Friday 27 November 2020

The Chain Tensioners

As with the AJS K7 restoration and the AJcette project a Weller chain tensioner is required. The only difference with the V-Twin engine is that 2 are needed but, otherwise, the principles are identical to the earlier single cylinder K7 engine.

The first task was to generate and fix 2 strips of ertalon 4.6. This comes in round bars and must be machined into flat strips before it can be used.

If this were a piece of steel it would be possible to clamp it at both ends and machine one side in a single operation. Unfortunately the flexibility of the material does not allow that and it requires clamping in the middle and machining the flat in 2 operations on each side. After one side has been finished it can be turned over and the other side machined.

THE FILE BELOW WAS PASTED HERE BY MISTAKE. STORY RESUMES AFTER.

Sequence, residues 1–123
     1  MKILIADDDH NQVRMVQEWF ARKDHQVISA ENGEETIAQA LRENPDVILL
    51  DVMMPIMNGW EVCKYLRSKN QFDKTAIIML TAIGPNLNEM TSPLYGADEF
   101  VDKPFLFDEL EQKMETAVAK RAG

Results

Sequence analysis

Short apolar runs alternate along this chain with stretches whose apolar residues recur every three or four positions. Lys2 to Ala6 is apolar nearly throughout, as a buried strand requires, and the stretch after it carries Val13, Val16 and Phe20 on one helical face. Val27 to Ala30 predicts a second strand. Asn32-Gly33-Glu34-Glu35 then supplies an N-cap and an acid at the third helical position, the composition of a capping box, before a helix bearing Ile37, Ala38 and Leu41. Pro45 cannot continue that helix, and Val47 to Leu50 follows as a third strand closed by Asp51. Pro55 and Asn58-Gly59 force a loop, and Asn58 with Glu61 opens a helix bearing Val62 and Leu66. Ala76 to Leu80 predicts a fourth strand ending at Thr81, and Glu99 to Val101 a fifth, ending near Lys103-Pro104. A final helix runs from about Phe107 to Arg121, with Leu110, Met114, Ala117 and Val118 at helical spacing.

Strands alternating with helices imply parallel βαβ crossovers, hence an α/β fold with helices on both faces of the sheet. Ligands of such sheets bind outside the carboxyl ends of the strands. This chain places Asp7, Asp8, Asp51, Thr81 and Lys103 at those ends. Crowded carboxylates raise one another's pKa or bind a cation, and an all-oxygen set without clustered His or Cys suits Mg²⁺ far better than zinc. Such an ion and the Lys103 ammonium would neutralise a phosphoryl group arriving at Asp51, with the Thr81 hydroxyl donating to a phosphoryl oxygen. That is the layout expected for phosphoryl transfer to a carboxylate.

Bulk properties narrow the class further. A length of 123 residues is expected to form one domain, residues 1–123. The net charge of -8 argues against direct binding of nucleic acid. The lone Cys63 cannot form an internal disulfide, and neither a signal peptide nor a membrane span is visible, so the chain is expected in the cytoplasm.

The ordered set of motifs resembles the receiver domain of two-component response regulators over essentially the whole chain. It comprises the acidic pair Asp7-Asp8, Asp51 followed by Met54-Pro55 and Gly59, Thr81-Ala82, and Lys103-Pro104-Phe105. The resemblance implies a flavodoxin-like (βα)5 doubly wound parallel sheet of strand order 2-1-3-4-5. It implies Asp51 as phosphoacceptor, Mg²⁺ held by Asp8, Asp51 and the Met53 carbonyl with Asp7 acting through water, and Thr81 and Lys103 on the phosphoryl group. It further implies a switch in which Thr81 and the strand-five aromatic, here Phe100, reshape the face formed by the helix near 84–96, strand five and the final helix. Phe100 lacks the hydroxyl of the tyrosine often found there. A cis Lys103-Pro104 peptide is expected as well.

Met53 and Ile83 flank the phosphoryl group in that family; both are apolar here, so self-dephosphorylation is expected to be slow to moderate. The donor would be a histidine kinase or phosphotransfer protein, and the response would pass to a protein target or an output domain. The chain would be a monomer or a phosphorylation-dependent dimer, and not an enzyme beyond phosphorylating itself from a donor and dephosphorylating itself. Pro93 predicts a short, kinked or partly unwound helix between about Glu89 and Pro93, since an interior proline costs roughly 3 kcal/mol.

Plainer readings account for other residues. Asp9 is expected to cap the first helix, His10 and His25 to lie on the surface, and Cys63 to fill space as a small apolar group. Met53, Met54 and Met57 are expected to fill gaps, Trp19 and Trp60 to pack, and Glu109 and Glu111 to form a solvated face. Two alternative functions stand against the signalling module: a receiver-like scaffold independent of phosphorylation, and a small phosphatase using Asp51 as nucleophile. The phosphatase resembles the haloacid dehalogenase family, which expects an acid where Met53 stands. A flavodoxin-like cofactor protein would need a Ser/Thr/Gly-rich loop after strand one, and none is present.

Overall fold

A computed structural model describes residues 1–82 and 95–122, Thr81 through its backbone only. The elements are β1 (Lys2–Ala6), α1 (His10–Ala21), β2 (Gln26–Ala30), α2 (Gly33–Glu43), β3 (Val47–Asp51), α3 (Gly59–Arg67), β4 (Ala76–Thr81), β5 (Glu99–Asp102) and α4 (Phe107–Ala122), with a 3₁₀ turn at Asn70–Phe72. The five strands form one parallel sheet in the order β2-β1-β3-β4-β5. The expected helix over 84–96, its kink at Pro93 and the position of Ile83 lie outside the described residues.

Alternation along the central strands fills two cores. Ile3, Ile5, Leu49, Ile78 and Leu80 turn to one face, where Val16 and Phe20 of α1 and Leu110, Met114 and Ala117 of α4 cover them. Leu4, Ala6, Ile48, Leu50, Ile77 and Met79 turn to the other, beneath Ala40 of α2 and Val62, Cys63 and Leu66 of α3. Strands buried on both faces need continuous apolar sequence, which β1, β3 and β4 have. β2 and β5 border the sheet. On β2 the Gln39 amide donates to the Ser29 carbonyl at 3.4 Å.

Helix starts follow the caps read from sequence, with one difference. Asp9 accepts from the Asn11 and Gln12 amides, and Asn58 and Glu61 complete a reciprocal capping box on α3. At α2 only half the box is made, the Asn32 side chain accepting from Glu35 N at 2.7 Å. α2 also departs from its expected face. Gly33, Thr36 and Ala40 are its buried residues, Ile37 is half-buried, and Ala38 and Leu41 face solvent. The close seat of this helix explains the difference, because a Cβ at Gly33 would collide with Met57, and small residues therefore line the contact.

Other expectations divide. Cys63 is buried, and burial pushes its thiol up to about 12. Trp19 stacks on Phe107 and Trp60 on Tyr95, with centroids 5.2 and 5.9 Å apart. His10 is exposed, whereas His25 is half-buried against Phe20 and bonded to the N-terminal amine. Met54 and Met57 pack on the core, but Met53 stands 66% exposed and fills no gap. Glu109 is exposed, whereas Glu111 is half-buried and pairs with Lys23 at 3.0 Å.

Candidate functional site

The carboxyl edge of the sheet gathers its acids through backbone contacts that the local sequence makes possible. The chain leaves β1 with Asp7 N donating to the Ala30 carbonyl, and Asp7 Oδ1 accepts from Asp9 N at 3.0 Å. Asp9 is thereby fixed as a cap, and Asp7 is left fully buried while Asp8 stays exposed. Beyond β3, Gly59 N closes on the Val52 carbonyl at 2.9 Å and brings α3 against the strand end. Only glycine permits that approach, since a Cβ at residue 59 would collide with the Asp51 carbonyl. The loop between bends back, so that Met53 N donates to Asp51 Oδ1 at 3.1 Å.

And, eventually, there are 2 flat strips of ertalon 4.6 ready to be fixed to the timing case.

On previous engines, these were fixed with copper rivets. This method of fixing could not be used here because of the difficult access to the lower fixing holes on the front cylinder that prevents riveting, namely that the rear cylinder part of the case gets in the way. In fact it was not even possible to drill holes easily due to the difficult access and these lower holes were spark eroded.

Each hole was tapped carefully turning the tap with a spanner from the inside of the casing, the strips were drilled and countersunk and attached to each surface with brass screws and a specialist adhesive.

As with the K7 and AJcette, the springs and blades were made by Alberta Springs and, with blade pivots and the spring tensioner retaining guides, aka the reaction dampers

The complete Weller chain tensioner could be installed

At this stage, there was still a dummy shaft and sprockets for the drive to the camshafts and the next task was to make the  bearing housings and camshaft to fit inside the Velocette camboxes.

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